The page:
When I was at school in the 70’s, handheld calculators had just hit the mainstream – clunky and unwieldy, they still dramatically reduced the time it took to do simple calculations that previously I had struggled to squeeze out of a slide rule (who can remember what that was?)
Now, scientists are recognizing that using convenience devices likes smart phones, tablets and laptops to do our thinking and remembering for us, risks underutilization of our intellectual faculties, which can result in sloshy or inadequate brain function.
Top dementia researcher Dr. Frank Gunn-Moore of the University of St. Andrews School of Biology in Fife, Scotland feels that reduced mental acuity will be an unwanted side effect of our dependence on search engines and the expediency of web services. “It’s important to promote good brain health and to do that - is to use it, but these days we seem to outsource our brain to the Internet,” said Dr. Gunn-Moore. “If we want to know something, we look it up online rather than trying to recall the information from our memory.”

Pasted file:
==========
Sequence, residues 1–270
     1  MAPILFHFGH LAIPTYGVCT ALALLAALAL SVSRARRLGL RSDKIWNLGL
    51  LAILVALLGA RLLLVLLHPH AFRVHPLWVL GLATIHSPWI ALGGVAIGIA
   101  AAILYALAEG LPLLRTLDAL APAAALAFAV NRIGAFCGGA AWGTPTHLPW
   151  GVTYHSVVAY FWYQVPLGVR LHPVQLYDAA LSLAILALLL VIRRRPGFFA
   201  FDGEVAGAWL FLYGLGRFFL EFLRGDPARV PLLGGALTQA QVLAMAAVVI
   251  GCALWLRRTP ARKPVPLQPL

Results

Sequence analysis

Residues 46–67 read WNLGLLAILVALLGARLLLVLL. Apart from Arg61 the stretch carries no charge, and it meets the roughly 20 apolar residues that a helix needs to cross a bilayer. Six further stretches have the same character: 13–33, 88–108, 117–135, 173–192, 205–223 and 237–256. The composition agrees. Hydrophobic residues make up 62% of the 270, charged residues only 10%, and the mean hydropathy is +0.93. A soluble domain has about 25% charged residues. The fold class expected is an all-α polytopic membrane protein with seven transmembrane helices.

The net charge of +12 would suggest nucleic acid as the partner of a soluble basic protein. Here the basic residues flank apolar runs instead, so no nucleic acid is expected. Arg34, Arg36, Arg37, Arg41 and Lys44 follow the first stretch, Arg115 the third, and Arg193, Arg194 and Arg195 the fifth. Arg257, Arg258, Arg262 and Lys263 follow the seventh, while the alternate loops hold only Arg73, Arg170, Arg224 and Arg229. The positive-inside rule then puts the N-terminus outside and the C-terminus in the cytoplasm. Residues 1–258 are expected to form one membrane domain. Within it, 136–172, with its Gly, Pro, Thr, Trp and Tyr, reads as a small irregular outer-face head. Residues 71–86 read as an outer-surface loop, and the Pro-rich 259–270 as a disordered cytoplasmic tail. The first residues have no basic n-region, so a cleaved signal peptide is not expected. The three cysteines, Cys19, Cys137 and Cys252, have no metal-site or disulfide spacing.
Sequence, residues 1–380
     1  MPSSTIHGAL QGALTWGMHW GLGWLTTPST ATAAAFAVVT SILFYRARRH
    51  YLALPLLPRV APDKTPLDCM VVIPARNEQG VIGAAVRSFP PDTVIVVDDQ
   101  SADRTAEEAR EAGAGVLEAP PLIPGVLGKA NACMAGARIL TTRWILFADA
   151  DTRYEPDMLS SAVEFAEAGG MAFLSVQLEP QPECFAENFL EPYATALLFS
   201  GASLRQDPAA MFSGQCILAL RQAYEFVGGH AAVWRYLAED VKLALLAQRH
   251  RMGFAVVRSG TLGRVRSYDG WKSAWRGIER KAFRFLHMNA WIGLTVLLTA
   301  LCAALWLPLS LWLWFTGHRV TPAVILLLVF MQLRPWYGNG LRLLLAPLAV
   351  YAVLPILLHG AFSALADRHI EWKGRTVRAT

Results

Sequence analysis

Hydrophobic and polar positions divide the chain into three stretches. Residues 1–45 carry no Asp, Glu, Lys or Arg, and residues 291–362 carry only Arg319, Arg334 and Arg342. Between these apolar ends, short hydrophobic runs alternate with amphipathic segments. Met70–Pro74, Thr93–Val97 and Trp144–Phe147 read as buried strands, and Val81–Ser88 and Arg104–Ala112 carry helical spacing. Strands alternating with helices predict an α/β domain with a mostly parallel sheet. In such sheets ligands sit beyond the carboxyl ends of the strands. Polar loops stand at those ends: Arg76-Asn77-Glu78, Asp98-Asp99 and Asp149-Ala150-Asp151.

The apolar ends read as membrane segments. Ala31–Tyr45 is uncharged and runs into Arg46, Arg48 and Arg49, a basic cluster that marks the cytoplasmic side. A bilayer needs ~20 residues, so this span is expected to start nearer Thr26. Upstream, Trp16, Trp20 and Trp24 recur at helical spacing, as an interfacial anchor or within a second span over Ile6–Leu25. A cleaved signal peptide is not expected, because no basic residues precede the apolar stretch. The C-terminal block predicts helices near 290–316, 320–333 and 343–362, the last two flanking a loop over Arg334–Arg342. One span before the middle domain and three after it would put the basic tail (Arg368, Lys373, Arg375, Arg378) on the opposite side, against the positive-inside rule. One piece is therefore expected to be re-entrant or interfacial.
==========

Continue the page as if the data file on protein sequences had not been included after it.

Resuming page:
While no current studies propose a direct link between using online services and diminished thought power, a 2016 paper published in “Memory” did demonstrate that online access has altered the way we process – experimental subjects who had access to the Internet were more likely and quicker to default to those resources when asked to respond to simple questions, instead of first trying to think of the answers organically.
This may be more habituation than laziness, but it has the same outcome – we are training ourselves to think less and Google more, robbing us of vital brain exercise that keeps us sharp and ready.